Tuesday, April 10, 2012

Texas schools in the Hunger Games

So as we continue along through National Library Week, another librarian I admire works closer to me.  Sara Stevenson is the librarian at a local middle school.  Periodically she writes opinion pieces published in our paper. Last week she had a piece comparing the testing situation in the state of Texas to the novel The Hunger Games.  It was spot on!  I am so envious--I wish I was that clever, eloquent, well-spoken.....well, you get the picture.

I love Sara's passion for school libraries and the way she writes -- people understand the problems we face.  Not just in the library world but with education across our state in general. Too much testing, not enough instructional time--these are problems affecting all of us, not just librarians. 

This article was especially good because of the analogy to the Hunger Games, the hot title of the moment.  She compares Gov. Perry to President Snow.

                    Instead of investing in the state's own citizens, Texas legislators, along with Gov. Rick Perry (aka "President Snow"), chose to pour $468 million in tax dollars into a British company, Pearson, for developing a new round of high-stakes tests: the State of Texas Assessments of Academic Readiness.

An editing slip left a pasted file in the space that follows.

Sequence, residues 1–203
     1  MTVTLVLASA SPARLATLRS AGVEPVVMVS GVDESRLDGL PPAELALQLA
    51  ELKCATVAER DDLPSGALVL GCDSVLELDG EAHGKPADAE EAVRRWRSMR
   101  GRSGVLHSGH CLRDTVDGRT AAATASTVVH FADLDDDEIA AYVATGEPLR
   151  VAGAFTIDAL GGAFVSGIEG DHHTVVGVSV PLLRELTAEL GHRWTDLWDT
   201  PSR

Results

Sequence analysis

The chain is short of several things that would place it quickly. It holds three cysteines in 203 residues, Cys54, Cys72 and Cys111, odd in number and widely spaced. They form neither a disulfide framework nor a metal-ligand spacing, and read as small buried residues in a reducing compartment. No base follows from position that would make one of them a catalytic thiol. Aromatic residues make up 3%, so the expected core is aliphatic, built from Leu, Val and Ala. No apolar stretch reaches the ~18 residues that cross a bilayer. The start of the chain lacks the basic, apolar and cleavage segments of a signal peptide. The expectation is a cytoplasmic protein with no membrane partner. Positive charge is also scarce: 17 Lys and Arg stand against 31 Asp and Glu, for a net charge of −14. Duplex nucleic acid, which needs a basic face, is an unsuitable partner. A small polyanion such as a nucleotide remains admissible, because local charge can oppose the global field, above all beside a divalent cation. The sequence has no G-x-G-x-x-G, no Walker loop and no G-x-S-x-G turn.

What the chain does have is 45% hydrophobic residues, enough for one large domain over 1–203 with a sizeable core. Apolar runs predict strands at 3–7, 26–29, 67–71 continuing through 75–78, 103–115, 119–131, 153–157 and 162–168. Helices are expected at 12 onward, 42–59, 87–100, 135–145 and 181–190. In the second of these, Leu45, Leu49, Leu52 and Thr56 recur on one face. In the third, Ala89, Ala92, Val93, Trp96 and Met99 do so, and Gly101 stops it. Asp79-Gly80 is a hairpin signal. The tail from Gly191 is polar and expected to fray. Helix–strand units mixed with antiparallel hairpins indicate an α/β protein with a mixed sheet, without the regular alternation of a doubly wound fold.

And the analogy continues on. She refers to the unfortunate fate of District 13 in the book--a nuclear bomb because the district did not "behave."

             The stakes rise with each subsequent failure. Schools and districts live under the threat of the "unacceptable" label or "bomb." As a result, schools conduct their business in fear and without freedom.

 When I sent Sara an email telling her my admiration for her article, she told me that ironically, the idea came to her while she was monitoring the STAAR testing a few weeks ago.  She looked around the room and saw a student reading the popular title and the idea blossomed from there.

All I can say is, "Good job Sara!"  And quite frankly, I'm jealous I didn't think of it first!

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